Despite the formal recognition of equality, IMGs within Uganda have and continue to experience various human rights violations. They are unable to realize their rights to health and education. Every child in Uganda is entitled to basic education and for IMGs it is vital for their survival.  Goal 4 of the 2030 Agenda for Sustainable Development calls on governments to ensure equal access to all levels of education and vocational training for the vulnerable, including indigenous peoples. Enrollment rates for IMGs remain low with high dropout rates among IMGs. For example in 2013, only 8 Batwa children sat for Uganda National Examination Board exams at different levels. This can be attributed to the lack of schools with adequate infrastructure and staff within areas inhabited by IMGs. IMG’s access to quality health care is very limited and the few available statistics indicate that their health situation is below that national average. Lack of affirmative action by the government to address the absence of social services such as education and healthcare in the areas where Uganda’s IMGs are predominant has kept the IMGs in a vicious cycle of poverty and threatens their existance.

IMGs have been  evicted or excluded from ancestral ands without community consultation, consent, or adequate (or any) compensation in contravention of the United Nations Declaration on the Rights of Indigenous Peoples  which requires the Free Prior and Informed Consent of indigenous people before the undertaking of any project affecting their lands or territories and other resources.  The case of the Batwa in western Uganda and their eviction from Bwindi and Semuliki forests to create National Parks is a prime example. This forced eviction resulted in significant problems for the community including making them one of Uganda’s poorest disadvantaged communities. A similar situation arose for the Benet community. Although the High Court attempted to rectify the Benet’s dispossession through a consent judgment in their favour, the judgment is yet to be enforced. Where IMGs have been displaced from ancestral their land, it denies them ability to access the land they would have traditionally used for economic or cultural purposes.

The IMGs are poor and lack political representation at both district and national level, thus aggravating the social and economic status. Whilst the government has taken a step in the right direction by creating the Ik constituency in Kaabong, majority of the IMGs remain vulnerable and marginalized.

The EOC takes cognizance of the above and upholds the rights of IMGs to be of paramount importance, deserving of keen and equal protection.  The  Coalition for the Rights of Indigenous and Minority Groups whose members include Cross Cultural Foundation Uganda, Initiative for Social and Economic Rights, Community Development Resources Network, Global Rights Alert, Foundation for Human Rights Initiative, Minority Rights Group, Human Rights Network Uganda, Uganda Women’s Network and Defend Defenders seeks to promote policies, programs and laws aimed at redressing social, economic and other imbalances affecting indigenous minority groups in our society.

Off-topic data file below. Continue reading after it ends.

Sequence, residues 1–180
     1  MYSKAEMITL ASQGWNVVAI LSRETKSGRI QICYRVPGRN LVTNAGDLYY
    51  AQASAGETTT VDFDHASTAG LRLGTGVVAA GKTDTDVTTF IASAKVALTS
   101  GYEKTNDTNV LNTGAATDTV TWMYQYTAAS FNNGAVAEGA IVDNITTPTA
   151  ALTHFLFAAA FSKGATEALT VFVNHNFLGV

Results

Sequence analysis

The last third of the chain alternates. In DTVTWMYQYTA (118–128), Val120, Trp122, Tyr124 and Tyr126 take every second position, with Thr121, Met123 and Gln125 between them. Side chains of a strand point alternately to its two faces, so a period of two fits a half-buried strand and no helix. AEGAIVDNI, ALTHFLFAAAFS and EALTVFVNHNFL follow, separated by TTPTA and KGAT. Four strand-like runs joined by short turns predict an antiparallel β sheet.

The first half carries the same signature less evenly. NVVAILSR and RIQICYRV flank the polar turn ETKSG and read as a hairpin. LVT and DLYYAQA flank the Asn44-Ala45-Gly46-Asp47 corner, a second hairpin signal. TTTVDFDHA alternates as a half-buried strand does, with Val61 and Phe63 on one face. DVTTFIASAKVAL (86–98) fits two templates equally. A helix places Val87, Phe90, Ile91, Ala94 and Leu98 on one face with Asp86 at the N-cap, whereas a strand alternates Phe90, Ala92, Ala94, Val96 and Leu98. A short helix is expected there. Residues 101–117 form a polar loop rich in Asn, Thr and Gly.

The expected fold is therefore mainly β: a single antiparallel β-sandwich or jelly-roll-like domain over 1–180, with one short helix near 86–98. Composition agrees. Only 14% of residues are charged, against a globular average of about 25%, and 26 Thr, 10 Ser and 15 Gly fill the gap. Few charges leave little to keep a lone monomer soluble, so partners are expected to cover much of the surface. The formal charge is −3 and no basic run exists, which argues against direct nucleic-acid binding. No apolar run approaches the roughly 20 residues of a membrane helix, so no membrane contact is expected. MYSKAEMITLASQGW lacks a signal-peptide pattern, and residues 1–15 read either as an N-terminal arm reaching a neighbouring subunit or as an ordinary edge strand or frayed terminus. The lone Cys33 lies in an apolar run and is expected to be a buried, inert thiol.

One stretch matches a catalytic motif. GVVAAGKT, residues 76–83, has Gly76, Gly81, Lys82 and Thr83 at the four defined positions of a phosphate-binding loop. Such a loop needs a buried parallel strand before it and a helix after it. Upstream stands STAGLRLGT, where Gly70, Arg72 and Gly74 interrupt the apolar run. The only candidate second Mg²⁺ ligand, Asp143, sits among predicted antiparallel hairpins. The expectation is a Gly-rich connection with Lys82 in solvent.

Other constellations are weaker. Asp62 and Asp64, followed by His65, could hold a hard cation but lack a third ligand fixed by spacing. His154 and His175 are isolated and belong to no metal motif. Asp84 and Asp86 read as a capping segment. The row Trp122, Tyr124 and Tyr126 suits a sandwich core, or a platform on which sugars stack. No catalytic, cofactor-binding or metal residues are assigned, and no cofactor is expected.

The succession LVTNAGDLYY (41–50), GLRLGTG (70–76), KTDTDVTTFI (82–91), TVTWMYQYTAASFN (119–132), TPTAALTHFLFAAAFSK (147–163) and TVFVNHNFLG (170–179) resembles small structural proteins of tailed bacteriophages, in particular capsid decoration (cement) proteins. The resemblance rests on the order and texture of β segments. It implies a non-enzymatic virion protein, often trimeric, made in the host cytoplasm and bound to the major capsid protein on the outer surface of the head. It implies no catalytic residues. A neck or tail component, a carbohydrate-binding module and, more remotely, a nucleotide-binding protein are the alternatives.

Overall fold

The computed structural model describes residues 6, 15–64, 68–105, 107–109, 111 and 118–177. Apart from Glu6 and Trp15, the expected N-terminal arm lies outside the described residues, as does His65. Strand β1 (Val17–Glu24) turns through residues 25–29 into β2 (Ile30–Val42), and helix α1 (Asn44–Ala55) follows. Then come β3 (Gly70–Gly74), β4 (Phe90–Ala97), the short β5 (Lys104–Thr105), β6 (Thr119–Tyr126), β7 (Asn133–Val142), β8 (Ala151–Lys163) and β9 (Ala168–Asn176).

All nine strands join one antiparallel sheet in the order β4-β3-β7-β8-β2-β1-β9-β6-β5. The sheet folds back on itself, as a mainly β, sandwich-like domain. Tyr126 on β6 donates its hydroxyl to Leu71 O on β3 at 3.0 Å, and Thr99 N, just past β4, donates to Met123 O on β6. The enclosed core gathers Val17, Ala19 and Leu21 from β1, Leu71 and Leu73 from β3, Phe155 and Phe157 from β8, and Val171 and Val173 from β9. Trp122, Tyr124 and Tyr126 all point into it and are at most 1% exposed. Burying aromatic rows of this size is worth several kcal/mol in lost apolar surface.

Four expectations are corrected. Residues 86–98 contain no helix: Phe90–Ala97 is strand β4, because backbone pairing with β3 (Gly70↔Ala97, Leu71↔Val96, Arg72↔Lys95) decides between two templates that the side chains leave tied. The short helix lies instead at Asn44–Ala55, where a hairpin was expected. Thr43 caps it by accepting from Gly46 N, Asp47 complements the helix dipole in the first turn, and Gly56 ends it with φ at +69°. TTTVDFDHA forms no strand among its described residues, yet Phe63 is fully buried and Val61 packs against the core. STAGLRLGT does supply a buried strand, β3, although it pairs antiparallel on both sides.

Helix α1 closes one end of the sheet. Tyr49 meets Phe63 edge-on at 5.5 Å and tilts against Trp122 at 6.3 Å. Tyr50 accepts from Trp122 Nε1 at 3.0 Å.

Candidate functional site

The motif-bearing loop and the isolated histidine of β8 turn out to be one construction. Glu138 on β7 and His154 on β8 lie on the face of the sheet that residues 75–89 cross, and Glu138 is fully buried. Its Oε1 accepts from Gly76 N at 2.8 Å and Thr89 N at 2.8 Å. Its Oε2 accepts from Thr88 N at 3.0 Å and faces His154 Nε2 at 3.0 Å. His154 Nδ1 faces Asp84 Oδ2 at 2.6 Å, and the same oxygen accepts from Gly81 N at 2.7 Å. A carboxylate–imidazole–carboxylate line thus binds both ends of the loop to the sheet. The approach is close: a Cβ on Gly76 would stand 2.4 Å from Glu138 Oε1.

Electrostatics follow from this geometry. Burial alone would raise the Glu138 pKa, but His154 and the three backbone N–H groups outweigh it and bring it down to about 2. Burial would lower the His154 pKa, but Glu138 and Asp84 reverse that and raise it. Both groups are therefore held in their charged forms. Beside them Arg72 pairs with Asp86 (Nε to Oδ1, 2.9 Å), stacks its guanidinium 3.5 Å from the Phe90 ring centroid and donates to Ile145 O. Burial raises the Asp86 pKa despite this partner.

As a coalition; we urge the Government to do the following:

  • Make laws that provide legal definition of and policy in respect of Indigenous Minority Groups in Uganda;
  • Provide Constitutional recognition under Article 10(a) and the Third Schedule of the Ugandan Constitution for all indigenous minority groups in Uganda;
  •  Expeditiously address the issues of abuse and erosion of the economic, social, and cultural rights of indigenous minority groups in Uganda, including, but not limited to:
  • Protecting their land and sacred places;
  • Implementing the High Court Consent Judgment relating to the Benet People handed down in 2005;
  • Allowing the ethnic minority Batwa unrestricted access to their traditional lands and sacred places in the Bwindi, Mgahinga, Semuliki and Echuya forests;
  • Ensure increased access to quality health care for indigenous minority groups;
  • Ensure access to justice for indigenous minority groups  through the provision of free legal services (Pro bono services);
  • Translate existing legislation into user friendly local indigenous languages.
  • Initiate deliberate consultation with IMGs at local government levels to ensure adequate political representation of IMGs and access to all social services as well as involvement in public affairs that affect them directly or indirectly.
  • Budgets of local government where IMGs reside should be enhanced to support affirmative action in their favour;

You may also like